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Innovation, partnership bring Pease water treatment plant online

Department of the Air Force officials joined Portsmouth and New Hampshire elected representatives at a ceremony May 4 at the former Pease Air Force Base

(Left to Right) Rick Becksted, Portsmouth, New Hampshire, Mayor, Brian Goetz, City Deputy Director Public Works, U.S. Representative Chris Pappas, U.S. Senator Maggie Hassan, Andrea Amico, Pease Restoration Advisory Board Co-Chair, and U.S. Senator Jeanne Shaheen, join Jennifer Miller, acting Assistant Secretary of the Air Force for Energy, Installations and Environment to dedicate the Pease Water Treatment Plant May 4 at the former Pease AFB, NH. (Courtesy Photo)

PORTSMOUTH, New Hampshire – Department of the Air Force officials joined Portsmouth and New Hampshire elected representatives at a ceremony May 4 at the former Pease Air Force Base to mark the opening of a state-of-the-art water treatment facility that will help protect the community’s drinking water supply.

“The standup of this plant represents not only environmental protection, but also hard work, innovative thinking, and cooperation among many stakeholders, including our federal, state and local community partners,” said Jennifer Miller, acting Secretary of the Air Force for Energy, Installations and the Environment. U.S. Senators Jeanne Shaheen and Maggie Hassan, Representative Chris Pappas, Air Force Civil Engineer Center Base Realignment and Closure program management chief Dr. Steve TerMaath, and Andrea Amico, Pease Restoration Advisory Board Community Co Chair also attended the event.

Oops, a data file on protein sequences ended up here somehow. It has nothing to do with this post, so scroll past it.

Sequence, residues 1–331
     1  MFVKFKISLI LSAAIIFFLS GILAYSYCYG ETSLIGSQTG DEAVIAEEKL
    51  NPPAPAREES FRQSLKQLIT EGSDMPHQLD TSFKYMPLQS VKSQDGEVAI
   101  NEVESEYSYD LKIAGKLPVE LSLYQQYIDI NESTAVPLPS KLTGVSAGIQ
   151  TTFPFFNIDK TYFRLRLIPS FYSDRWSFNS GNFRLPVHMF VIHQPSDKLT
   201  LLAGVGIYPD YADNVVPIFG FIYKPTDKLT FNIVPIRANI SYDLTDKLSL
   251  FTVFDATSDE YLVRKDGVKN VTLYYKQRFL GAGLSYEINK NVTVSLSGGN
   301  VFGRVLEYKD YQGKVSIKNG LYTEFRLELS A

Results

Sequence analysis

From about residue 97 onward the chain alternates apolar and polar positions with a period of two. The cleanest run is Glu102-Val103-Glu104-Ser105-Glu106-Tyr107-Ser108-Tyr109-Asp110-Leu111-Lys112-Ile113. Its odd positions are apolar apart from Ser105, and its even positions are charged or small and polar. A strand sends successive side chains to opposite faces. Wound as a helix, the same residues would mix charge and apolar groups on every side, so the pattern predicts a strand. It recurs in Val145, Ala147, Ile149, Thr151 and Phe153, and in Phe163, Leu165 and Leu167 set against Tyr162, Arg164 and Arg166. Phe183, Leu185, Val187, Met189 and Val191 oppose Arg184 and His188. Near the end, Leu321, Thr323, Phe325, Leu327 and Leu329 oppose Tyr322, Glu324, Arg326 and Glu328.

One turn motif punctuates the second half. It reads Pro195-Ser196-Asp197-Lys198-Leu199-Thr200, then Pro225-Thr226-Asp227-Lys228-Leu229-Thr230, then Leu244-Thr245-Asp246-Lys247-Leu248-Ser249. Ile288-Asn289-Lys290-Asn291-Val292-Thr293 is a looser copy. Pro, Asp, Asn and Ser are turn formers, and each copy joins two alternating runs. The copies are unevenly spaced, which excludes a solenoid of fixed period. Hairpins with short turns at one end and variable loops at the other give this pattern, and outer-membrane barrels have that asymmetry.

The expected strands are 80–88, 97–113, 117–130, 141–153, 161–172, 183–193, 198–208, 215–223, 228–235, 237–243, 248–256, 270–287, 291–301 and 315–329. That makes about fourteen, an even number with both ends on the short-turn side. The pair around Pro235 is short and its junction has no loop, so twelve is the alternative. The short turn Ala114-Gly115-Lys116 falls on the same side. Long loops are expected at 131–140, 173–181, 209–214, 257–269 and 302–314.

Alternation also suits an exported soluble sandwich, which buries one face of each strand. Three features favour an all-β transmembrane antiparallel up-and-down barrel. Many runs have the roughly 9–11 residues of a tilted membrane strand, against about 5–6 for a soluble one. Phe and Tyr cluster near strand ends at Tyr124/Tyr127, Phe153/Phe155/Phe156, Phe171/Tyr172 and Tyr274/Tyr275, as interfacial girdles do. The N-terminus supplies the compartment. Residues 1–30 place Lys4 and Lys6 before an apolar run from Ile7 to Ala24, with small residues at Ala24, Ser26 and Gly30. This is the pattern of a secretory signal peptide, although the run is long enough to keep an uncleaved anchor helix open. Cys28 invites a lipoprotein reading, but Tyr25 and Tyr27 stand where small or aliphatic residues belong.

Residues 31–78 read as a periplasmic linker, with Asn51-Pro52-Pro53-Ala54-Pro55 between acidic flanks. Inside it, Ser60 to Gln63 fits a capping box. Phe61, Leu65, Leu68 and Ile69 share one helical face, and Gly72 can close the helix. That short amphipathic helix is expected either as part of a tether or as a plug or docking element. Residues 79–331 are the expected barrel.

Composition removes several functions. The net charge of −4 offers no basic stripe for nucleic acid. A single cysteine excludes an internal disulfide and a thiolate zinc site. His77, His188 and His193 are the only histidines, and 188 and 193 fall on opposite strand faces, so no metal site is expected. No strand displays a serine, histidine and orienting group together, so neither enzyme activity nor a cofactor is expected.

The facility is part of the Air Force’s on-going effort to ensure two compounds – perfluorooctane sulfonate and perfluorooctanoic acid, or PFOS/PFOA – associated with is past firefighting mission do not impact the community’s drinking water supplies. In May, 2014, PFOS and PFOA were identified in the Pease Haven Well at levels above the Environmental Protection Agency’s lifetime health advisory for drinking water. AFCEC worked with the city to retrofit the drinking water facility that uses ion exchange resin and granular activated carbon to filter the water and remove PFAS.

The new facility can treat up to 1.7 million gallons of water a day, said Al Pratt, the city’s water resource manager. The filtration system has been treating two additional wells, and PFAS chemicals now at below detectable levels. By summer, the facility will also be removing PFAS from the Haven Well, which the city closed in May 2014 when PFAS was first identified as a contaminant of concern.

“To see this beautiful treatment plant and all of the work that’s gone into it is a testament… (to) the cooperative effort that everyone has made to identify a problem and then not take no for an answer, figure out a solution, and get it done for the people of this community and it serves as a real model,” Shaheen said.

Officials at the ceremony hosted by Brian Goetz, Portsmouth’s Deputy Director of Public Works, lauded the numerous collaborative efforts between the Air Force and the City, beginning in 2015 when the Air Force entered cooperative agreements with the city of Portsmouth, providing more than $17 million to add treatment for removal of PFOS/PFOA and retrofit the City’s Grafton plant. 

To date, the Air Force has spent $65 million to protect drinking water at Pease, in a coordinated effort with the U.S. Environmental Protection Agency and the New Hampshire Department of Environmental Services. 

The Pease Restoration Advisory Board also played an important role in the cleanup and their Community Co-Chair, Amico, expressed appreciation for the milestone dedication ceremony. Amico said she was glad to see the treatment facility finished, and looks forward to more progress with regulations and health information in the future. The board provides a forum for community concerns and enables a channel for continuous communications between the community and government officials.

“The completion of this treatment plant is a huge milestone, extremely important and could not have been accomplished without keeping sight of our goal: to protect drinking water for the greater Pease community,” Miller said.